A new online exhibition commemorating 80 years since the beginning of the large-scale mass murder of Jews during the Holocaust has been created by Yad Vashem ahead of Holocaust Remembrance Day.
The exhibition, entitled “The Onset of Mass Murder – The Fate of Jewish Families in 1941,” highlights the stories of 12 Jewish families who were caught in the fury of the Nazi invasion of the Soviet Union in Operation Barbarossa in June 1941.
Following this invasion, mass shootings committed by the Einsatzgruppen, other German soldiers and police forces and local collaborators began across Eastern Europe and continued into 1943, during which some 1.5 million Jews were murdered.
Jews were also murdered in similar operations in German-occupied Yugoslav territory and by the Antonescu regime on Romanian-occupied land.
The new exhibition tells the stories of Jewish families in the wake of Operation Barbarossa and their ultimate fate in Estonia, Latvia, Lithuania, Eastern Poland, Belarus, Ukraine, Romania and Yugoslavia.
Personal letters, works of art, photographs, documents, testimonies and Pages of Testimony submitted to Yad Vashem are used in the 12 entries to portray the families who lived through these times and describe what happened to them.
One family highlighted is the Bernsteins from Lithuania.
Eta and Jacob Meir Bernstein, who lived in the town of Ylakiai in northwest Lithuania, had seven children. One of them, Ida, immigrated to Mandatory Palestine in 1933, and another, Rivka, married and moved to western Lithuania.
The town, which had a population of about 1,000 Jews, came under Soviet rule in 1940. It was occupied by Nazi forces soon after June 22, 1941, when Germany embarked upon Operation Barbarossa and the invasion of the Soviet Union.
Eta, Jacob, four of their children and some 300 other Jews in Ylakiai were shot and murdered by Lithuanians shortly after the Nazis reached the town.
Rivka was in the city of Reseiniai when the Nazis occupied Lithuania. Her husband, Shmuel, fled east and enlisted in the Soviet Red Amy, but Rivka remained behind since she was pregnant.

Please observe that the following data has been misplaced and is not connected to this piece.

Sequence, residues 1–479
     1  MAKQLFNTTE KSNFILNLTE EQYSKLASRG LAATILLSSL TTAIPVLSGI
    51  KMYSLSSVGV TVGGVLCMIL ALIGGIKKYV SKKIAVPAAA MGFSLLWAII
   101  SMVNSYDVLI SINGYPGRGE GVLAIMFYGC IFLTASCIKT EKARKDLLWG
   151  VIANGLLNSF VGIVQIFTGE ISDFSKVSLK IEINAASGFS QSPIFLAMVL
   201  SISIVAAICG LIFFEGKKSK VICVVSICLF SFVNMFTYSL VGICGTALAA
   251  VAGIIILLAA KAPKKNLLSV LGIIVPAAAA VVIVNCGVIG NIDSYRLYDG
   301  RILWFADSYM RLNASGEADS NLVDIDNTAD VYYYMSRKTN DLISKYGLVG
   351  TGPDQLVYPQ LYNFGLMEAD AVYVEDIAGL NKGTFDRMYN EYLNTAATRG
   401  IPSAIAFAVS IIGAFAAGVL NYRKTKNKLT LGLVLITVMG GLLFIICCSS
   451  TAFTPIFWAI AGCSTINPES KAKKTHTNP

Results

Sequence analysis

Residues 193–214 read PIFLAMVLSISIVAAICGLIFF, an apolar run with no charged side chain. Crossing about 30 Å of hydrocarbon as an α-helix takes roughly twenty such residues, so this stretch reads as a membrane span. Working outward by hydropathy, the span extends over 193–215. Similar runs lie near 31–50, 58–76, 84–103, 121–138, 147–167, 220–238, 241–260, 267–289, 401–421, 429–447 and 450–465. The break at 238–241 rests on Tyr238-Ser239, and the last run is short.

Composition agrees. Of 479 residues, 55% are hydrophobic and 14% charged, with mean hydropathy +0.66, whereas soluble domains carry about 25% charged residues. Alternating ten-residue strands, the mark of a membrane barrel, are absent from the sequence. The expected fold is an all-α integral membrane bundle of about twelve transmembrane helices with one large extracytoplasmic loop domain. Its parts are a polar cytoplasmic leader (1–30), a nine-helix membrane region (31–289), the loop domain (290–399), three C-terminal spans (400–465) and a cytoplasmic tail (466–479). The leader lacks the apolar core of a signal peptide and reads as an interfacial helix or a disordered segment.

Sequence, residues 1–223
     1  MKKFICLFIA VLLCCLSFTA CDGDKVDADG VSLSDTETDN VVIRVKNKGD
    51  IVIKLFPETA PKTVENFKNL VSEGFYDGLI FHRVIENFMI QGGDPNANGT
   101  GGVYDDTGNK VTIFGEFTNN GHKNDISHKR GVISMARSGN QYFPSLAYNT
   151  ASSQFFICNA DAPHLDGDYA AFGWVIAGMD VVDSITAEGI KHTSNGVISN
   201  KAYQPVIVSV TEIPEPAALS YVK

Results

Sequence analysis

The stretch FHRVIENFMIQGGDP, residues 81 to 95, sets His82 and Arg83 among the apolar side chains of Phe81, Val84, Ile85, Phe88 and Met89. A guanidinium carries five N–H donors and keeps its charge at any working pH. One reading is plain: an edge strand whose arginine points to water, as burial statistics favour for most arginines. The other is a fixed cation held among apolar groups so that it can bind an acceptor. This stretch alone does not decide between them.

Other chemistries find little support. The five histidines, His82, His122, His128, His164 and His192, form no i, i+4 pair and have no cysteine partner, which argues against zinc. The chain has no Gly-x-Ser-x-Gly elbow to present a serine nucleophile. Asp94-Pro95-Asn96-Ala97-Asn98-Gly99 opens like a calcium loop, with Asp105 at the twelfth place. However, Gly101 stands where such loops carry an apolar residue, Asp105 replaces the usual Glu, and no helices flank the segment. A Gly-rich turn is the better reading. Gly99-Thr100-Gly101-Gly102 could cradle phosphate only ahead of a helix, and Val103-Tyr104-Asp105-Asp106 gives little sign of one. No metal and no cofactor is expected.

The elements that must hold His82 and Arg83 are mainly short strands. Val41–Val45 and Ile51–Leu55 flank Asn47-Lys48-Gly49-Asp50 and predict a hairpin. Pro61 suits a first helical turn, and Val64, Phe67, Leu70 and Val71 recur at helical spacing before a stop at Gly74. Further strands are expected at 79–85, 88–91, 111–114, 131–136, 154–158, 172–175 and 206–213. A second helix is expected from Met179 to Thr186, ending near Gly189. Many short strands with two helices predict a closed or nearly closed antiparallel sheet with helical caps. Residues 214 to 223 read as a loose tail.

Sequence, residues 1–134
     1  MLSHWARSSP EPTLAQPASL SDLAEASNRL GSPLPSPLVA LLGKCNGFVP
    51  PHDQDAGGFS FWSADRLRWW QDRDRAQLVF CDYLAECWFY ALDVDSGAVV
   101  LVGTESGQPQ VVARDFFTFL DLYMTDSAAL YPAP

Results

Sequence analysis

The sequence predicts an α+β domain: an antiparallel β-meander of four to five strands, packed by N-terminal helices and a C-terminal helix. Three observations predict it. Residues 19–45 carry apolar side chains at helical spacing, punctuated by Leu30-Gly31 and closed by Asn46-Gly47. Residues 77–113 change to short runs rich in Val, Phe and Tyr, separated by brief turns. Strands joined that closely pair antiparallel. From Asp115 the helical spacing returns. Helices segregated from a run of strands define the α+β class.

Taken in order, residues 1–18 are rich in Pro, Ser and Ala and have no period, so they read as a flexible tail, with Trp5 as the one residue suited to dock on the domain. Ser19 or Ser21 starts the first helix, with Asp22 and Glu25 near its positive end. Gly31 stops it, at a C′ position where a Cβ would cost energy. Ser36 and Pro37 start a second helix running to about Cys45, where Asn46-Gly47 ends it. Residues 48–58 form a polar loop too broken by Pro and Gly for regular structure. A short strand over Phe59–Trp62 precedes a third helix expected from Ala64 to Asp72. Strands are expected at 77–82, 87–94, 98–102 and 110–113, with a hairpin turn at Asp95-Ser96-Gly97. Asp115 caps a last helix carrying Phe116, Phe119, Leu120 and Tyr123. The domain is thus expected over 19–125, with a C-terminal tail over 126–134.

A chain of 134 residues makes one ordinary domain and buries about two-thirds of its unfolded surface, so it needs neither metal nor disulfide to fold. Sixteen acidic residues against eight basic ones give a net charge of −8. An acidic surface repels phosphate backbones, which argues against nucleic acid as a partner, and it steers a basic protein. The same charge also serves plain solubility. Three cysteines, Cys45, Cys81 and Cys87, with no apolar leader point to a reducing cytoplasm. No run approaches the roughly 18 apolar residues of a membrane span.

She managed to evade several Nazi campaigns in which Jews were shot outside the city in August and September 1941 but was eventually caught and sent to the Kovno Ghetto.
While there, she gave birth to a daughter, Rina, in February 1942 and after trying for months, found a Lithuanian non-Jew living outside of the ghetto to take her baby and care for her.
Rivka was murdered by the Nazis at the Ninth Fort, a mass-murder site, but Rina was well cared for by the woman, Anele Glaveckienė, who reunited Rina after the war with her father, Shmuel, who survived.
Glaveckienė was later recognized as a Righteous Among the Nations for her care for Rina.
Rina remained in Lithuania after the war, married and had two daughters, Rivka and Renata, who were born in Vilna.
In 1989, Rina and her family immigrated to the US.
Much of the testimony from these families demonstrated how suddenly millions of Jews were caught in the Nazi onslaught and how quickly their fate was sealed, said Yona Kobo, Yad Vashem’s online exhibitions coordinator and the researcher and curator of the new exhibition.
Letters, diary entries and other evidence showed that the Jewish communities trapped by the Nazi invasion of the Soviet Union demonstrated how they had no idea of the danger they were in, she said.
“No one could have imaged this is what would happen,” Kobo said. “It was so sudden they had no time to leave, and their fate was sealed. Within a few days entire communities were gone.”
Illustrating this point is a letter sent in May 1941, just weeks before the Nazi invasion, by Eta and Jacob Bernstein to their daughter Ida in Tel Aviv. They expressed their concern for the safety of Ida, while her sister wrote of how pleasant things were in their hometown.
“Operation Barbarossa was a significant turning point,” Kobo said. “Until then, the anti-Jewish steps were mostly putting Jews into ghettos and concentration camps, but the invasion brought about first mass murder and then deportation to concentration camps. They murdered first men and then soon all the women, children and babies. We wanted to give these 1.5 million a name, a face and a story to personalize what happened to them.”
To access the online exhibit, click here.